In Dec. 2014 the Montreal Gazette reported Concordia University was the first Canadian university to start divesting from fossil fuels. Concordia invested $5 million towards social and ethical projects instead of continuing to pour money into polluting economies.
The student group Divest Concordia—who calls for Concordia to remove its investments from fossil fuels and to adopt a responsible investment policy according to their website—called this $5 million divestment a, “flat-out rejection of student calls for full divestment from fossil fuels,” according to the same article from the Montreal Gazette.
Concordia got the fun title of ‘the first Canadian university to start divesting from fossil fuels,’ but when you consider how this was only 0.038 per cent of the university’s $130 million investment budget, according to the Montreal Gazette, you realize how tiny of a first step Concordia took.
Now it’s 2016 and the Concordia Student Union is also encouraging students to pressure the university to divest. Students overwhelmingly voted in support of the CSU opposing the Energy East and Line Nine pipelines and all Tar Sands developments—with 1,282 votes for yes, 442 for no, and 479 for abstain in last week’s CSU elections. That means that Concordia officially has two distinct groups calling for the school to back away from fossil fuels, with Divest Concordia calling for the school to put their money towards cleaner industries and the CSU opposing the development of pipelines and the Tar Sands.
This, we feel, bodes well for the future as Divest Concordia and the CSU could possibly collaborate to pressure the university to distance itself from fossil fuels.
We here at The Concordian would also like to throw our hat in the ring and officially endorse Divest Concordia and support the CSU in opposing the pipelines and the Tar Sands developments.
In a recent opinions article entitled “The industrious demise of the Canadian landscape,” we critiqued Canada for its domestic oil consumption, where 1.5 million barrels are greedily consumed each day, according to a 2014 article by The Globe and Mail. In the same opinions article, we pointed out the dangers of pipelines carrying diluted bitumen, which is what the Tar Sands pump out, by recounting the 2010 Kalamazoo River spill in Michigan where around 3.3 million litres of crude were vomited into the river within the 17 hours it took for Enbridge shut off the flow, according to the CBC.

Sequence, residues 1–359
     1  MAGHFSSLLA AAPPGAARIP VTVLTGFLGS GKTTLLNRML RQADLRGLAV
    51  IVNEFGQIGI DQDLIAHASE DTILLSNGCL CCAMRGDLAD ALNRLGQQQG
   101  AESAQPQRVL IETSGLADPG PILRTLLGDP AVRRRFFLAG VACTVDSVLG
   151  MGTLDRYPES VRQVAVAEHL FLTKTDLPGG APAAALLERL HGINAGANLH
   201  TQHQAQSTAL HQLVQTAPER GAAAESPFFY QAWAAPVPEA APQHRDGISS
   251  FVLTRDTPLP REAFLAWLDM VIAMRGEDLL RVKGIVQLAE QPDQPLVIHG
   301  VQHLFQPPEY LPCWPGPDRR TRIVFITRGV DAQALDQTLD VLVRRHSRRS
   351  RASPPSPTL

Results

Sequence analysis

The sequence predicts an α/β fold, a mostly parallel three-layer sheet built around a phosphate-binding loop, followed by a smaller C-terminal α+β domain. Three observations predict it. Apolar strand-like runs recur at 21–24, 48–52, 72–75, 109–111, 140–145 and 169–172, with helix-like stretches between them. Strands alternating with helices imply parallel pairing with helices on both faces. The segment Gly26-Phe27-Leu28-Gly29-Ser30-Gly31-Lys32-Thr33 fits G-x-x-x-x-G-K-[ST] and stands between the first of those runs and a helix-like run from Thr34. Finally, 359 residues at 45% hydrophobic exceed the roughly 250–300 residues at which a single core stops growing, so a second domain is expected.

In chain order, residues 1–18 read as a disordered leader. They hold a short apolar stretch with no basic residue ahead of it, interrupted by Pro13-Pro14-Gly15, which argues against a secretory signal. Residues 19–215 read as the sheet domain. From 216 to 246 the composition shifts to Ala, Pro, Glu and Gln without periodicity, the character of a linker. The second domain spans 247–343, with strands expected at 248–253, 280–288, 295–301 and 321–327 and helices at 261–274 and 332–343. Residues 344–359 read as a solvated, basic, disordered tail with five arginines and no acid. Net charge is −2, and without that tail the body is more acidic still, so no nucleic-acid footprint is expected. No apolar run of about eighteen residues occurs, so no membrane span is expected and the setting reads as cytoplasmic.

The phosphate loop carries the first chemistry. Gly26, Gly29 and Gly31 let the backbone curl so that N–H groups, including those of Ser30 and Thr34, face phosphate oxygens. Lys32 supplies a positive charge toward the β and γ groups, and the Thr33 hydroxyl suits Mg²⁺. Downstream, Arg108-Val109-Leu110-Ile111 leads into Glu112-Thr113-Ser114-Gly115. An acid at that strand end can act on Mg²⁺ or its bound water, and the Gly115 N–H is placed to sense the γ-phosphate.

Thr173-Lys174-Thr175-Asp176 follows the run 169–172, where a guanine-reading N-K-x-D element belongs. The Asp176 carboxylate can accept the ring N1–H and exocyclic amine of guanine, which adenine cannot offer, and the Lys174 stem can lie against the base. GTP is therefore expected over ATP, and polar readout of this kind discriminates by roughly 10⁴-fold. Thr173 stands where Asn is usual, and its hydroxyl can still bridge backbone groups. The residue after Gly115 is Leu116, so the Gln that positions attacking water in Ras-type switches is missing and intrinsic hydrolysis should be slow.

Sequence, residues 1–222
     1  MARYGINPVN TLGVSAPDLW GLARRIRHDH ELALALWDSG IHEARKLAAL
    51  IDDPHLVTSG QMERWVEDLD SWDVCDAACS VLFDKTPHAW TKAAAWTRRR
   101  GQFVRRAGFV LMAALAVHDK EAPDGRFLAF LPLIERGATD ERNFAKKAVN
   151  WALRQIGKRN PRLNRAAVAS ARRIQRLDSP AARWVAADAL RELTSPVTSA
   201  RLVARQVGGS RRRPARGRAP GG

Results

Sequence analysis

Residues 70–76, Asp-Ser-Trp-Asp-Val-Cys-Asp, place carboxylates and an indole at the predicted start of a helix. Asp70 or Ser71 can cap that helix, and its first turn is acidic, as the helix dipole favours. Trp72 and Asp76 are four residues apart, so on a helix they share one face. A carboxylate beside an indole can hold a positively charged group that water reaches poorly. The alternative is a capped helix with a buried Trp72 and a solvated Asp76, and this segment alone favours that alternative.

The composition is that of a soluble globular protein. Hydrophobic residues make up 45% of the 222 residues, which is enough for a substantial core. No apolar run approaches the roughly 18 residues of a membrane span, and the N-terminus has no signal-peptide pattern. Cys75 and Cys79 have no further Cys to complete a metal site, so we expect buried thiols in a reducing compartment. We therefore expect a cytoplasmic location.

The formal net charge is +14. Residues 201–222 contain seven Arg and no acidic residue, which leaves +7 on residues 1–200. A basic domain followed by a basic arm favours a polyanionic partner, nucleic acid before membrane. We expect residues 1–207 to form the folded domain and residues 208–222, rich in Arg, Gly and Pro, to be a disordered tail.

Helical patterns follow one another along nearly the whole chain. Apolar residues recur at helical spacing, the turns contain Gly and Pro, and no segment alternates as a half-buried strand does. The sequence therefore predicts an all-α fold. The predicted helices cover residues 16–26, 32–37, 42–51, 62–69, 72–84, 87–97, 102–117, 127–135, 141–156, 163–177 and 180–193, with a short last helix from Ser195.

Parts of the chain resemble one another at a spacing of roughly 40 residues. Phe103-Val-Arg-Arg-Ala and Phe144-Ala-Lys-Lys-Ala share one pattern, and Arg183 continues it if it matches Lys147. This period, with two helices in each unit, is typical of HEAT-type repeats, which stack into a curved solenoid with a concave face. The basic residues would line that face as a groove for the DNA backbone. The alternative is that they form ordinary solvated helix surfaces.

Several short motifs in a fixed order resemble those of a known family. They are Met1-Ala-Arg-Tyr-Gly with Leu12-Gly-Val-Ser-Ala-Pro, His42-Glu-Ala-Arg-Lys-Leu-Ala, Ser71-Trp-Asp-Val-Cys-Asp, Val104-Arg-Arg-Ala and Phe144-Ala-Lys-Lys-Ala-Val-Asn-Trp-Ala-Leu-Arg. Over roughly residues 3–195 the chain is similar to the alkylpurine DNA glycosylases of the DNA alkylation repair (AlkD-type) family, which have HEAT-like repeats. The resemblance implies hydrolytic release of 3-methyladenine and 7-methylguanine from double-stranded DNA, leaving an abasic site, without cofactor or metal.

In the news section we published an article called “The ‘greenwashing’ effect,” published in issue 24, where we discussed how companies greenwash themselves to appear more environmentally friendly. We reported that, according to the TransCanada website, in 2011 there were 38 oil spills that sludged 497 litres into the environment, and with 27 oil spills in 2013 vomiting a total of 3,104 litres into the environment. That’s not even counting the eight oil spills in the U.S. which totaled 65,753 litres in 2013 according to the same article.
The dangers of oil spills and the greasy ethics of companies trying to appear ‘green’ aside, Concordia needs to start distancing itself from these filthy industries. The students have spoken and will continue to speak for a “responsible investment policy,” of which divesting 0.038 per cent of your total investments is not enough. This is a university damnit, which boasts how its bright young minds do wonderful things in the realms of art, science and business. Why not actually use some of that massive potential you are sitting on and start brainstorming with students and figuring out how to divest completely?
And we understand that might be an uphill battle. The school is after all an institution which stands to rake in considerable returns from their fossil fuel investments. But so far these investments are opposed by Divest Concordia, the CSU and The Concordian.
We’re calling for students to stand in support of Concordia divesting from fossil fuels and to help pressure the administration into finding newer, more creative, more sustainable and more responsible investments. It’s our future after all, and, to quote an anti-pipeline slogan, to continue investing in fossil fuels is, “our risk and their reward.”